T’Challa is an expertly trained warrior who bears the title of Black Panther — an honored protector of Wakanda and champion of the Panther god — and his supreme physical prowess is matched by an exceptional intellect. Throw in the fortune he has at his disposal, and it’s easy to see why he’s sometimes referred to as Marvel’s Batman. But if being compared to Batman is a compliment, it actually undersells Black Panther. For one thing, he’s way richer. And unlike Bruce Wayne, he has superpowers, including enhanced agility, speed, strength, and endurance. Then there’s the fact that T’Challa isn’t just a hero and a public figure, he’s a goddamn king, and a king of one of the Marvel universe’s most powerful and advanced nations at that. He is an ultimate figure of dignified heroism; the genius and wealth of Tony Stark and the patriotic diplomacy of Cap rolled up into one extraordinary iconic character.
Then you put Chadwick Boseman in the role and suddenly T’Challa comes alive; his grace and gravitas translated into action. Boseman became a young character actor to watch after his critically acclaimed turns as James Brown in Get on Up and Jackie Robinson in 42. In Civil War, he treats T’Challa with the same respect he afforded venerated historical figures, building the character through a series of well-articulated details, from his accent to his agile movements. Boseman’s ground-up approach to the character pays off in spades, conveying a precision picture of the stalwart man T’Challa is, even in limited screen time.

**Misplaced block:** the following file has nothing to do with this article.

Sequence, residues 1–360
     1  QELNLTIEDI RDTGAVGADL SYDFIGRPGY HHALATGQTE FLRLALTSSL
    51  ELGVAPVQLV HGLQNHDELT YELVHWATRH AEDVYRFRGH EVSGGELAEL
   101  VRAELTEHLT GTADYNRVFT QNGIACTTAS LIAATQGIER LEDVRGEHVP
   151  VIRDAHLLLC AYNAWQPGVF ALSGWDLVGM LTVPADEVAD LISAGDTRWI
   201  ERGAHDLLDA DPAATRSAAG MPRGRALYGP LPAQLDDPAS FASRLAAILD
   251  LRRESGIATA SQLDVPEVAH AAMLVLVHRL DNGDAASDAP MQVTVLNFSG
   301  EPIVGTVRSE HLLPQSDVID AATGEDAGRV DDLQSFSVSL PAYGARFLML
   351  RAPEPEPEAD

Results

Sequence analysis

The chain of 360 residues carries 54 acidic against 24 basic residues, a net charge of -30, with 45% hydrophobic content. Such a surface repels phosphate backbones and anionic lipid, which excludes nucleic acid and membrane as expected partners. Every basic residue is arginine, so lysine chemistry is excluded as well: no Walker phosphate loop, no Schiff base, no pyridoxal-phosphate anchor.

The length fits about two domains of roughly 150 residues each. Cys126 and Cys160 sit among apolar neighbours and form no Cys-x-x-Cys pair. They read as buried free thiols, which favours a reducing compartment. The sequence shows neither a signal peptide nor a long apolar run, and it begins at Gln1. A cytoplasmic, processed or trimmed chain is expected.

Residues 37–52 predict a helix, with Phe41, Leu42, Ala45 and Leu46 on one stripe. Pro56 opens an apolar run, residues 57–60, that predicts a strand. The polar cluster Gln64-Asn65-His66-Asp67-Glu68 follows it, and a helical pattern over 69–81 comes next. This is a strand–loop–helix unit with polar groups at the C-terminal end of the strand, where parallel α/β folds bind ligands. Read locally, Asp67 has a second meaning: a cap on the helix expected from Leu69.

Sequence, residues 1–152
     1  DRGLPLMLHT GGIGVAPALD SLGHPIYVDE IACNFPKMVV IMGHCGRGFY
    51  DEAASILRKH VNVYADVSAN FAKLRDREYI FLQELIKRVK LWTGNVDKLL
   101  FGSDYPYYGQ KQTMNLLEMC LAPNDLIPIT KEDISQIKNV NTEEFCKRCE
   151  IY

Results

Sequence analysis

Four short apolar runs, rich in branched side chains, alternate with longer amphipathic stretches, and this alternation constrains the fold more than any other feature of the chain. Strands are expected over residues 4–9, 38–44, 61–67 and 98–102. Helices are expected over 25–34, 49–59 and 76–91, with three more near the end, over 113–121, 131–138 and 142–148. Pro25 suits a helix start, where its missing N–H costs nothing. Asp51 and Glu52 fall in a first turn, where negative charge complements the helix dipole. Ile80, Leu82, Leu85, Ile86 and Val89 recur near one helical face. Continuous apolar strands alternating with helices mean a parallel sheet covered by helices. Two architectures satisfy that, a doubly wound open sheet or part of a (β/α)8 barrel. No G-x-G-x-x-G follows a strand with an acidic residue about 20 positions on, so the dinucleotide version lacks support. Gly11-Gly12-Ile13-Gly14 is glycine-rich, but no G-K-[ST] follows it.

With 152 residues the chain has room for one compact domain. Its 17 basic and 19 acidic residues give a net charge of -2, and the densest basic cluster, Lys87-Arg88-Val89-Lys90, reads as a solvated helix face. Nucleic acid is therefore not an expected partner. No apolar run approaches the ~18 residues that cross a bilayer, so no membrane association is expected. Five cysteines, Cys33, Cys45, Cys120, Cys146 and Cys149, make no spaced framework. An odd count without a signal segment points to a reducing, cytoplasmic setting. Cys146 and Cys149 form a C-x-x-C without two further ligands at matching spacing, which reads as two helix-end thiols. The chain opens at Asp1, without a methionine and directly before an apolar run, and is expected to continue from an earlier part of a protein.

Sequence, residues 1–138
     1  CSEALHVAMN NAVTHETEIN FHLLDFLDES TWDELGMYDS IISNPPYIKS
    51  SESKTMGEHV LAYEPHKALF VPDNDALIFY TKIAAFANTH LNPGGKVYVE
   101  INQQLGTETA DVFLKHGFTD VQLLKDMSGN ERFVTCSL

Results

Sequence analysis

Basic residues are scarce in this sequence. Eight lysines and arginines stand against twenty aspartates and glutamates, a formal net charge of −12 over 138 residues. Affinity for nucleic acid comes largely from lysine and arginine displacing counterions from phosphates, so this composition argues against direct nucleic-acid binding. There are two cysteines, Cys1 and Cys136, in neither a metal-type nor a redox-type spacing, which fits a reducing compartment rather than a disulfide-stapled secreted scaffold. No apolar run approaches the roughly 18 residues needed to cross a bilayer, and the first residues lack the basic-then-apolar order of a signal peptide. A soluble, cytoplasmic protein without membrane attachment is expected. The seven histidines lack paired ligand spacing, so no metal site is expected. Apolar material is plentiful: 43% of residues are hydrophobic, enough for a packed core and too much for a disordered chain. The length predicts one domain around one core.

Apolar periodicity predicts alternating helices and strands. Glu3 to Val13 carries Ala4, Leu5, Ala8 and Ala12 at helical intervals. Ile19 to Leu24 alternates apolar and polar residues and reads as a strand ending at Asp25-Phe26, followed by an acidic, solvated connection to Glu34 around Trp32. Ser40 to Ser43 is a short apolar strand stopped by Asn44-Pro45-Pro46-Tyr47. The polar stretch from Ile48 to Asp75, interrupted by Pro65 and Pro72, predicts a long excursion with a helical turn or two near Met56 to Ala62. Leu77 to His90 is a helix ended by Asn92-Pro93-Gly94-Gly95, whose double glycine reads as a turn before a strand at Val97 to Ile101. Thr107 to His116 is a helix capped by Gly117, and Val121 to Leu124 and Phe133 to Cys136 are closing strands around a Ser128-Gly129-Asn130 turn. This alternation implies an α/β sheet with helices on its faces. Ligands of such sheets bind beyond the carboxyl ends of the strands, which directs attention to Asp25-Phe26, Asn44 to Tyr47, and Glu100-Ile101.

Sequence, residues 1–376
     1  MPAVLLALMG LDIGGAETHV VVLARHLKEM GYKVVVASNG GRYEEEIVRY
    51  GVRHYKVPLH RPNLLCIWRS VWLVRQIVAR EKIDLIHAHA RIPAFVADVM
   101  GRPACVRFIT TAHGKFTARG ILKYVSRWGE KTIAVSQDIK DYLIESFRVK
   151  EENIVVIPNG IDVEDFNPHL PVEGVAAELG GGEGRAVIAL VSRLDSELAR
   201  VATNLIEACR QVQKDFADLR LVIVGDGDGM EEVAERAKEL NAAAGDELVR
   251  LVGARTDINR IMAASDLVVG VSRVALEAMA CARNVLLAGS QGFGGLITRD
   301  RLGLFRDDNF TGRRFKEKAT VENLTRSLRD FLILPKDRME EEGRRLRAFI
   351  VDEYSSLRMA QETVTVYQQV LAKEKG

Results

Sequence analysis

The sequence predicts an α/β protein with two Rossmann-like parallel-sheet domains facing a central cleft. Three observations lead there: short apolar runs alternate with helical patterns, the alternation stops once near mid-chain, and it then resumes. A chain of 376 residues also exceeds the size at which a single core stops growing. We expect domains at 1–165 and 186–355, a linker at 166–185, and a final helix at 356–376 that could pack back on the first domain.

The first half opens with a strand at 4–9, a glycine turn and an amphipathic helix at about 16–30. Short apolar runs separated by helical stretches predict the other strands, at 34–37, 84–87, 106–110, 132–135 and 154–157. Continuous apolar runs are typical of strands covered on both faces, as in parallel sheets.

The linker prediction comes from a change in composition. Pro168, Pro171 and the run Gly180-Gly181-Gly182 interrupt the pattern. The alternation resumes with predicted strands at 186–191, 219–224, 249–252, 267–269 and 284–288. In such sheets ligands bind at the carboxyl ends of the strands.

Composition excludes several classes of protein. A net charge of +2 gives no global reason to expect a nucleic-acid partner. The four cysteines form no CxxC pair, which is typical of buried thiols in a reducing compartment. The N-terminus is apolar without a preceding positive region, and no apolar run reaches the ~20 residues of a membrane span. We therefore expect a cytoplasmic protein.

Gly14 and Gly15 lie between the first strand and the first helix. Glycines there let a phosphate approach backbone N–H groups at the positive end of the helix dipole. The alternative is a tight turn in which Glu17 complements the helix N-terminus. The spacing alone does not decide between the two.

That respect for the character is mirrored in Black Panther’s narrative, which is arguably the most complete arc in the film. Screenwriters Christopher Markus and Stephen McFeely embedded his origin story in the film’s greater story. At the Civil War‘s opening T’Challa is a haughty young man who “disapproves of diplomacy”, but far from the brandished arrogance you might expect from a young king in the making, he treats his responsibilities with a grave seriousness born out of his desire to make his father, the benevolent Wakandan king T’Chaka, proud. When T’Chaka is killed in Zemo’s terrorist attack, T’Challa sets out on a mission of vengeance, becoming the wise hero fans know and love in the process. In essence, T’Challa already bears the mantle of Black Panther when we meet him, but he doesn’t really become Black Panther, the hero, until the film’s final minutes. Now, fully formed — a hero, a king, and a man wise enough to pursue justice over vengeance — he is primed to headline his own standalone film.